MONEY BAIL IN THE U.S.
What is bail?
Bail is a contract agreement between the court and the accused to come back for their trial. This agreement can include a phone call reminder from the court or people being released on their own accord, but most cities, counties, states and the federal government currently require money bail.
- The United States and the Philippines are the only countries with a for-profit bail industry.
- As of 2016, there are 646,000 people locked up in more than 3,000 local jails throughout the US.
- Seventy percent of Americans in local jails are being held pre-trial - meaning they have never been convicted of a crime and are legally presumed innocent - and we spend more than $9 billion annually to keep them there.
- As many as 9 in 10 of those people are stuck in jail because they can’t afford to post bail.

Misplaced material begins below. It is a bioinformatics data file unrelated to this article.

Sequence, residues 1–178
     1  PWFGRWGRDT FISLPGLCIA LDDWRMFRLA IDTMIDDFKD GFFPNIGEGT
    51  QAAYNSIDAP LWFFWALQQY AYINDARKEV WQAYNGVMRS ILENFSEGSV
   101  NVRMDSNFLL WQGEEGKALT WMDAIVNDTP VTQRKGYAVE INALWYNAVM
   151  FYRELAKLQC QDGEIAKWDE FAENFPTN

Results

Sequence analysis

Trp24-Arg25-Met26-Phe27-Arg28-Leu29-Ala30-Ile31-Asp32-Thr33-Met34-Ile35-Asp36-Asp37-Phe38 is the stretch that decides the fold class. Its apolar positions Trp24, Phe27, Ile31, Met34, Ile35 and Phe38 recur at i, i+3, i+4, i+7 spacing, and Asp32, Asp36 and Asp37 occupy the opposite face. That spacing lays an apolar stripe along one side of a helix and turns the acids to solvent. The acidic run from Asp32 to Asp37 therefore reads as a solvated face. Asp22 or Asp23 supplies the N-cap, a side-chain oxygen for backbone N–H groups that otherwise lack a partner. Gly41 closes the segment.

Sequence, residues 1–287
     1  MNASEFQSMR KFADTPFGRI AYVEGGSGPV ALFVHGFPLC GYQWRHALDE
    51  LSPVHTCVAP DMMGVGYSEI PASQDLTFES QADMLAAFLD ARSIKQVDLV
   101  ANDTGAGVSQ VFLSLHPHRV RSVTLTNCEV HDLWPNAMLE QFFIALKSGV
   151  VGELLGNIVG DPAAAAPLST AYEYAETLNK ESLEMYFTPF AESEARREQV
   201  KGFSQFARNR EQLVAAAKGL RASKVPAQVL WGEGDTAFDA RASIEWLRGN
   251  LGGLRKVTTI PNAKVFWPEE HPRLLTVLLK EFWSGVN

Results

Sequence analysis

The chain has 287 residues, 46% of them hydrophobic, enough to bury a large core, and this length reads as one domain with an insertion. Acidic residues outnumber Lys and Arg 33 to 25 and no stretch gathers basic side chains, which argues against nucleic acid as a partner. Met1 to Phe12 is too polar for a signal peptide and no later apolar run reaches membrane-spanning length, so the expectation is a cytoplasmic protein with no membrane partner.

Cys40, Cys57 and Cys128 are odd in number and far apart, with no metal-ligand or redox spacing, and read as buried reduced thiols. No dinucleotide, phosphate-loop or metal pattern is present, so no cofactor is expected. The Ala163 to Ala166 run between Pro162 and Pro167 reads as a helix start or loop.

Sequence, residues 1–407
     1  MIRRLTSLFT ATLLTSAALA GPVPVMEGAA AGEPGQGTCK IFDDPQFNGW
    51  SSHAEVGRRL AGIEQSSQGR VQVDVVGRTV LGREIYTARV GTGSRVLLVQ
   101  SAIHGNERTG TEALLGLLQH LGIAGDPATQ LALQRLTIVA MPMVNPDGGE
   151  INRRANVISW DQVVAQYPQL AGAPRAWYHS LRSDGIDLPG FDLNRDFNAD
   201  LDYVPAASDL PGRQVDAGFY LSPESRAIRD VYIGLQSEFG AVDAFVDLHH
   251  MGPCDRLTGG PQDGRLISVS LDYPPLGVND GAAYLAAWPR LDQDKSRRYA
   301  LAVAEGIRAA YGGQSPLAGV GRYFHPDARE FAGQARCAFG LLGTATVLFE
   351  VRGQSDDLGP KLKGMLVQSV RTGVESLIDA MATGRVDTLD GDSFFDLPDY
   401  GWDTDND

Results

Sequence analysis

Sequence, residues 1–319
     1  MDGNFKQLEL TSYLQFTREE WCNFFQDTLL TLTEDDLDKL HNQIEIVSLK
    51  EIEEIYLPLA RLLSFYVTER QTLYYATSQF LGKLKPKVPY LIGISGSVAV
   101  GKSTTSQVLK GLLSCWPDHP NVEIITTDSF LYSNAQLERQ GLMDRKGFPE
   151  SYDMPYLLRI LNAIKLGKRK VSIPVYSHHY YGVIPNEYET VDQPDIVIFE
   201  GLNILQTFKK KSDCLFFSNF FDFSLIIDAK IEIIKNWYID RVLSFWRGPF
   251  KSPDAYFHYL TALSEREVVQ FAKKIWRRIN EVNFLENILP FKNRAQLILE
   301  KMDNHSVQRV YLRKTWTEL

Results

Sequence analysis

- Blacks, Latinos, and Native Americans are twice as likely to be stuck in jail because they cannot afford money bail.
- A Human Rights Watch report done in New York found that nearly 90% of defendants with a bail of $1,000 or less could not pay
- The Eighth Amendment to the U.S. Constitution prohibits excessive bail. Yet, many bail amounts are excessive for someone without the financial means.
- In Washington, DC, nearly 88% of defendants are released without money bail. In that system, 88% of released defendants have made all scheduled court appearances and remained arrest-free while in the community pending trial. This is similar or better than average rates in money bail systems.
- The bail industry is backed by large insurance companies that underwrite over $14 million in bonds a year. The industry as a whole makes over $1 billion annually.
- Felony and misdemeanor defendants unable to make bail were 13 percent more likely to be convicted and received sentences five months longer than equivalent defendants who were not detained pre-trial.
For More Information on money bail and pretrial justice, visit http://www.pretrial.org/infostop/research-community/
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